Sunday, 19 October 2008

Home-made Noodles

I have tried making hand-made noodles (ramen or la mein, which means stretched noodles) sometime ago but never quite got the hang of it. There's a time-tested easier way. This, we have been doing since I was a kid. My mother used to knead the dough and the boys (me and my brothers) would be called upon to roll the dough flat for cutting into strips. We used glass bottles filled with water (to add weight). I remember it was quite strenuous and we boys often grumbled. And there was a lot to roll because we had a big family. But it was a family favourite. Wholesome homemade noodles, no melamine or any kind of chemical or preservative or colouring. Just flour, egg (if you like), water and a little salt. Add the water in small portions when kneading the flour so that it doesn't get all soft and mushy. Well, you can just knead until the ingredients are well-mixed but still hard. Or, my wife kneads a little bit more to make it a little more elastic. Yes, she does the kneading.

This is the delicious bowl of home-made noodles. Lots of green vegetables, some black mushrooms, prawns and meat. Essential are pair of chopsticks and spoon (these were bought in Chun Cheong, Korea) and you can't have noodles without piping hot red fresh cut chilly. The test of a good bowl of noodles is the sweat, after you finish eating the noodles and drank all the soup.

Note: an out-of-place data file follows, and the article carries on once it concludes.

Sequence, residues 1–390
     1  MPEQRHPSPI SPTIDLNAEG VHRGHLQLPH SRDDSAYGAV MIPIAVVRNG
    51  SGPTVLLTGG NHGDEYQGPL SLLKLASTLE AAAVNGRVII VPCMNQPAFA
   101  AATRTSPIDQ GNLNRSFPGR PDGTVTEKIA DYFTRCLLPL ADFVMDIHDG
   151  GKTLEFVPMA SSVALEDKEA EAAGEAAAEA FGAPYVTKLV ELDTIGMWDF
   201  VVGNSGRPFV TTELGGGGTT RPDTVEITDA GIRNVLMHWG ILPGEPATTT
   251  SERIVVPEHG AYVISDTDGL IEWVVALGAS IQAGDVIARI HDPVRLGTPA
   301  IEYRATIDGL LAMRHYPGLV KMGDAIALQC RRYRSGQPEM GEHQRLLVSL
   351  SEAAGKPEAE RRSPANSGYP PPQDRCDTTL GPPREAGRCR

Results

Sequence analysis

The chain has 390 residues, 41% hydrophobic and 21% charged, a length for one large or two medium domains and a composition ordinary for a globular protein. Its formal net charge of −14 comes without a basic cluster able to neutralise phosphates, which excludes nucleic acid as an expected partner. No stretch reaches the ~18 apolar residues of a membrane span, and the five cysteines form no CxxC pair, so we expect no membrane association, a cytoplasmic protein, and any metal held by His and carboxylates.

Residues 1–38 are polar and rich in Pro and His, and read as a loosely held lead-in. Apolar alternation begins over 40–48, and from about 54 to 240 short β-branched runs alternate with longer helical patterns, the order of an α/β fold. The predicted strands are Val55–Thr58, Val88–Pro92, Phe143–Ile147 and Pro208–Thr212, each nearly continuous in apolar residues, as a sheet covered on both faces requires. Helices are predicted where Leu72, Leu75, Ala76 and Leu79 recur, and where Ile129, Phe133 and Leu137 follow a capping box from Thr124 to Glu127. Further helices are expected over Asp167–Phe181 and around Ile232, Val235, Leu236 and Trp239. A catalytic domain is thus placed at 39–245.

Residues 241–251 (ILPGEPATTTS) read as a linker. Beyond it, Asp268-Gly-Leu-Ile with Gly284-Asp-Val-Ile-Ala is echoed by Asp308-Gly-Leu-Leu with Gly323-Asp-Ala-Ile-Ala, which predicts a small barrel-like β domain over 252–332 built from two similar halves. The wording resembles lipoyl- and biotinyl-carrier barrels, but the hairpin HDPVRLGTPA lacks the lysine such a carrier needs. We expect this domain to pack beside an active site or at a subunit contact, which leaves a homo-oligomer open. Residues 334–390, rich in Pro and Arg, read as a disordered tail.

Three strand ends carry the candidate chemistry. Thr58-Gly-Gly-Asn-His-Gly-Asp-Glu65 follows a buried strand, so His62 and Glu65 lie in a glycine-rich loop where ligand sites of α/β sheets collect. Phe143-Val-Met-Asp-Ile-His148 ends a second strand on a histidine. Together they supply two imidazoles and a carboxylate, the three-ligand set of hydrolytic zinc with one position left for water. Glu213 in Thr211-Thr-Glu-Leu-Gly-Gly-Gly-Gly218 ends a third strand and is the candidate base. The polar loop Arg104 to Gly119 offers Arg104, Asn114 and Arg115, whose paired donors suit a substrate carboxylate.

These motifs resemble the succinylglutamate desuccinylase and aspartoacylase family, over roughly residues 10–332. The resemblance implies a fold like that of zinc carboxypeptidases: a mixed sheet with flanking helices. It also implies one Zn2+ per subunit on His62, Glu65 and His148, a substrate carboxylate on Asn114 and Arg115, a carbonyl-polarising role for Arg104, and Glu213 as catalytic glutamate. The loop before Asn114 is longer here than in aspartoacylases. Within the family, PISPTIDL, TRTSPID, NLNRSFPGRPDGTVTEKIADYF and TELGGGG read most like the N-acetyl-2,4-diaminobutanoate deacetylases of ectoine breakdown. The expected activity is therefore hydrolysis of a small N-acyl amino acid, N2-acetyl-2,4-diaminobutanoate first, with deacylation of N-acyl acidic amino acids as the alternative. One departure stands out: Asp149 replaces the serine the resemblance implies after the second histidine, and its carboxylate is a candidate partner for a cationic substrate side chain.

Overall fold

Here's the apprentice Jillian. The table-top was specially designed for making noodles. Put some flour on the table-top and just roll the dough until it is the thickness that you like. We like it thin.

When the dough is flat, fold it like you are making a paper accordion fan. Then use a cleaver (or heavy knife) and use slicing motion to cut the noodles into strips. Don't press down hard when cutting or the noodles will stick together. Remember, slicing motion.

For the soup we like to make some fried shallots and garlic. You can also stirfry lightly the prawns and meat with the shallot and garlic; gives it extra flavour. Fish ball or chicken balls are great. Remember lots of vegetables. You don't even need any stock or bones for the soup. When ready to eat, just put the noodles straight into the boiling soup. Serve hot. Make sure you don't overload the soup with too much noodles or you will just get a sticky mess.

In memory of all the mothers who gave us home-cook wholesome meals.

1 comment:

Abe said...

Fried shallots? make sure no plastic! Im still skeptical about it..
looks like a good meal..makes me hungry now.

Should now encourage people to eat more home-made meals.. healthy, chemical-free and most important filled with warmth of family---> sustainable!